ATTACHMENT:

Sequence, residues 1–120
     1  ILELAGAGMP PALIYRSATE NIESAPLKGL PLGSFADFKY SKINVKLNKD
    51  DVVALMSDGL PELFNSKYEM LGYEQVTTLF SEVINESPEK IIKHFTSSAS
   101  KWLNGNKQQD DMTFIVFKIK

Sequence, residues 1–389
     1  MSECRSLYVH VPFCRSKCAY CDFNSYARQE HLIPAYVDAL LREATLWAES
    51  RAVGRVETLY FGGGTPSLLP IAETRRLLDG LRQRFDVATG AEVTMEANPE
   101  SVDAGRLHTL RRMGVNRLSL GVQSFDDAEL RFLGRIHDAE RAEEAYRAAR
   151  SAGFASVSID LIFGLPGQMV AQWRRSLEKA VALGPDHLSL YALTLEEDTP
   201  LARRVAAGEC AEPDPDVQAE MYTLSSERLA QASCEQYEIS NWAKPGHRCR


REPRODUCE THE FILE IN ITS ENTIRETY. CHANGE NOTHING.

Sequence, residues 1–120
     1  ILELAGAGMP PALIYRSATE NIESAPLKGL PLGSFADFKY SKINVKLNKD
    51  DVVALMSDGL PELFNSKYEM LGYEQVTTLF SEVINESPEK IIKHFTSSAS
   101  KWLNGNKQQD DMTFIVFKIK

Sequence, residues 1–389
     1  MSECRSLYVH VPFCRSKCAY CDFNSYARQE HLIPAYVDAL LREATLWAES
    51  RAVGRVETLY FGGGTPSLLP IAETRRLLDG LRQRFDVATG AEVTMEANPE
   101  SVDAGRLHTL RRMGVNRLSL GVQSFDDAEL RFLGRIHDAE RAEEAYRAAR
   151  SAGFASVSID LIFGLPGQMV AQWRRSLEKA VALGPDHLSL YALTLEEDTP
   201  LARRVAAGEC AEPDPDVQAE MYTLSSERLA QASCEQYEIS NWAKPGHRCR